Young people from across the Greater Washington Area showed up in force last weekend, eager to learn from some of the country’s top choreographers at an event sponsored by D.C. native and Tony Award-winning dancer Hinton Battle.
And from the long lines of registered youth and adults, the looks of glee on each dancers face and the puddles of sweat that remained on the floor, it looks like Battle’s “Soul-Dance & BBQ” event scored big points for dance students of all ages.
Battle taught the first class of the daylong event on Saturday, Oct. 17 at the Edgewood Arts Center in Northeast in a one-hour session that gave a group of close to 20, mostly youth, the chance to fine tune the classic movements associated with ballet. Other genres of dance included: hip-hop, tap, jazz, ballet, African and modern.
Battle said he had a great time working with the young dancers.
“This is what it’s all about,” Battle said. “Inspiring youth people, showing them the beauty of ballet and other dance forms, and hopefully, encouraging them to continue to study, learn and grow as artists.”
Sonia Dawkins, executive director, artistic director and founder of Sonia Dawkins Prism Dance Theatre, took over where Battle left off, including both ballet and hip-hop movements into her carefully crafted choreography.
“Teaching the essential joy of dancing is what I’m all about – not just the technique,” she said. “The goal for all of the teachers today is to light the spirit and soul of dance in every student, no matter what their age or proficiency. And it’s nice to see so many people of color out today. I just wish more of them could continue to be enriched even further by working with choreographers and teachers who have mastered their craft.”
Throughout the day, dancers, teachers, volunteers and parents had a chance to refuel thanks to Famous Dave’s of Alexandria who came armed with barbecued ribs, chicken, sides and salads.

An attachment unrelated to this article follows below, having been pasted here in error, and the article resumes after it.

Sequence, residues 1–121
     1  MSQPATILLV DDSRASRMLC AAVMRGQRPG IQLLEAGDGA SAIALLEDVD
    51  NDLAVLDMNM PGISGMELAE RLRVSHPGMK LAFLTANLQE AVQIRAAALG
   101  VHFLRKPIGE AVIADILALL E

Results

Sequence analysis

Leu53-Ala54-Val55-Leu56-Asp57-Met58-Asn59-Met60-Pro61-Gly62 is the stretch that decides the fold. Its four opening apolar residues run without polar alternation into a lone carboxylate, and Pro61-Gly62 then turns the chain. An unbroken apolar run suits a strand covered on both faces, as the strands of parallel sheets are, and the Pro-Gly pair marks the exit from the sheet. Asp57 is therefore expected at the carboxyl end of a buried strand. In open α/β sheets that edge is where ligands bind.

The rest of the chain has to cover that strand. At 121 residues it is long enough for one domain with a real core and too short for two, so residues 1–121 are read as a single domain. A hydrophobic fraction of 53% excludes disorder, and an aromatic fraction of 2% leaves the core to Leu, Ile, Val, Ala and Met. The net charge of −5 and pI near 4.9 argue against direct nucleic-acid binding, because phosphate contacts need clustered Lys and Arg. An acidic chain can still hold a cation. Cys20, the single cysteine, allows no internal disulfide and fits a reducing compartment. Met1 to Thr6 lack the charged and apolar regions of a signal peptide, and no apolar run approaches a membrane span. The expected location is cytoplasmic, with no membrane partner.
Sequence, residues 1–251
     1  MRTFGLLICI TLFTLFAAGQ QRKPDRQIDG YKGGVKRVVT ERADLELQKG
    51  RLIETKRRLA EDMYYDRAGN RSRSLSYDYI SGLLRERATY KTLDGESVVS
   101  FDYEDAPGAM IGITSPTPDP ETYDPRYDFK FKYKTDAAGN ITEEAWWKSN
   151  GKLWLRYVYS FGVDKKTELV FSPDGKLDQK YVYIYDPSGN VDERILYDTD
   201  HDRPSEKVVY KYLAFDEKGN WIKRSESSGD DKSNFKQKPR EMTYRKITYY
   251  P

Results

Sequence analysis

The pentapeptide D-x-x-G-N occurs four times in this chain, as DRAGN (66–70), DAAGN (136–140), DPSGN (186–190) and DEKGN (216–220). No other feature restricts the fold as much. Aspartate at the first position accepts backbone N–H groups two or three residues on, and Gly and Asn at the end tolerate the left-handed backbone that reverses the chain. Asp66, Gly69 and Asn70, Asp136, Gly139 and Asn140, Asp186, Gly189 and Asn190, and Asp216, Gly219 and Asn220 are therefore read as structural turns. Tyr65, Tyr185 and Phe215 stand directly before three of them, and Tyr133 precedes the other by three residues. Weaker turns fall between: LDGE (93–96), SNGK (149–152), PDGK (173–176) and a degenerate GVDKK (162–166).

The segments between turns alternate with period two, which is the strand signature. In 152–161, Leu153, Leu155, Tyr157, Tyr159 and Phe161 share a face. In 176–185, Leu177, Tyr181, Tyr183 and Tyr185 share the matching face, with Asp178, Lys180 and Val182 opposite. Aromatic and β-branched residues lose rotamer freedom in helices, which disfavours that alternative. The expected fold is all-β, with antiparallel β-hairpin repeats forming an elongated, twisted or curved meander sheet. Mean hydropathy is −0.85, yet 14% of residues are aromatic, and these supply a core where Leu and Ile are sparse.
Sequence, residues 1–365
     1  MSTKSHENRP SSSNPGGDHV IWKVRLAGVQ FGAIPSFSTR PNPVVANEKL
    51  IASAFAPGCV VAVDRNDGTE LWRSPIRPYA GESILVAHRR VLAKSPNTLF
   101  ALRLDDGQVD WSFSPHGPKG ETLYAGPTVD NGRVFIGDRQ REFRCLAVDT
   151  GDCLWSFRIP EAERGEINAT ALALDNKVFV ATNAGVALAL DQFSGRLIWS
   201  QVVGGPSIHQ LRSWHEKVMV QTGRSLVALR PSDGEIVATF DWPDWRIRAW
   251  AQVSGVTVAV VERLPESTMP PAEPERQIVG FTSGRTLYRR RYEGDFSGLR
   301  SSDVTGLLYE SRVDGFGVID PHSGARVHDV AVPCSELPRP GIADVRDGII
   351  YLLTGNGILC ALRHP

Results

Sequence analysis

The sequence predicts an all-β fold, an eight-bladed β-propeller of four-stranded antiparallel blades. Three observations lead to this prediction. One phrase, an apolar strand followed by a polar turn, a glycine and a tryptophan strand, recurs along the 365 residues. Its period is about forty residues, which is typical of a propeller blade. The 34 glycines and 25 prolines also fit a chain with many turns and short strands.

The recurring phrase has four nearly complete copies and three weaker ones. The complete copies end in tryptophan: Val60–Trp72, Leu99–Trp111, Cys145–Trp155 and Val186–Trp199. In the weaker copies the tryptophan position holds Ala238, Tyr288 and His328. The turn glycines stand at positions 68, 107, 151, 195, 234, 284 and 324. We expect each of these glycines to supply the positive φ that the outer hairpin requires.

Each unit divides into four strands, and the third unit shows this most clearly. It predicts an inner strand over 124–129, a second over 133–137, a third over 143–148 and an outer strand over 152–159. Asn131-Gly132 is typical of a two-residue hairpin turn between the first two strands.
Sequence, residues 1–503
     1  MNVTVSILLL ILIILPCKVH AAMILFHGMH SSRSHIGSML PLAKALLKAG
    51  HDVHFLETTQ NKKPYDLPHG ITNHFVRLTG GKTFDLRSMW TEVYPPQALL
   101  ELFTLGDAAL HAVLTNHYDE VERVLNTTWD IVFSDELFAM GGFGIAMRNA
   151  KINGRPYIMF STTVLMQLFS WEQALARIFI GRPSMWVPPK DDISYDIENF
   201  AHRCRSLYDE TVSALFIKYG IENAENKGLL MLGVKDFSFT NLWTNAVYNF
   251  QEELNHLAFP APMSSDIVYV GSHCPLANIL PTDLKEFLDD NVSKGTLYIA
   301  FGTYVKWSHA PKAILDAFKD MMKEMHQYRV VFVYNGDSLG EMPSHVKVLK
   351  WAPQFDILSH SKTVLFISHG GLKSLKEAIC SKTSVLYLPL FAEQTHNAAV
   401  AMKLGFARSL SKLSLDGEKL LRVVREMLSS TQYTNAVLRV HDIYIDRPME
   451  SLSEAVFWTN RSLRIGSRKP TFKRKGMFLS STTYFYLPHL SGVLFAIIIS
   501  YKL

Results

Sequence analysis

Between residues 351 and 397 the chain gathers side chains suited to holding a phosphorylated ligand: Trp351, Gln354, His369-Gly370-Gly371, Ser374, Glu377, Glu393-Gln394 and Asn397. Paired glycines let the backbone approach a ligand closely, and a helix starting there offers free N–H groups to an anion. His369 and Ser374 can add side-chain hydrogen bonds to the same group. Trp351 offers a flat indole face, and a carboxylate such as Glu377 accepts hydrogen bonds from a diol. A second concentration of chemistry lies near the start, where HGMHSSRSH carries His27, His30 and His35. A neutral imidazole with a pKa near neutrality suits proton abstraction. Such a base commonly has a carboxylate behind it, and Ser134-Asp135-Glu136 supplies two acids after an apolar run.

One teen, after completing her class with Battle, talked about her walk as a student of dance.
“I first started dancing when I was 10 and I’ve loved every minute,” said Ayana Wallace, 17, who lives in Northeast and serves as a dance captain for Taratibu Youth Association, a locally-based organization that offers youth people an opportunity to explore and appreciate the arts and cultures of Africa and the African Diaspora.
“Today has been so much fun – we just need more opportunities like this,” said Ayana who noted that 18 young dancers joined her for the day.
Four students from the Paula Brown Performing Arts Center in Temple Hills, Maryland, Kya Uzzle, 11, Cori Wise, 10, Lauren Watkins, 12 and Morgan Douglas-Bankins, 10, shared similar feelings about the day.
Almost in tandem they said, “This is different from the kind of dance we’re learning. But it’s quite exciting and a lot of fun too. We’ve learned so much from the teachers. We want to do it again,” they said.
Two young men, 17-year-old Michael Beasley and Fernando Naranjo, 15, expressed their views from the male perspective.
“This has been my first time taking these kinds of classes and it’s really making me consider if I want to pursue this professionally. At this point I’m still not sure,” said Michael who began studying dance three years ago and is taking classes at the Shawn Cosby Theater.
Meanwhile, Fernando, who has been studying dance for the past six years, said “Wow, learning from the pros – this is awesome.”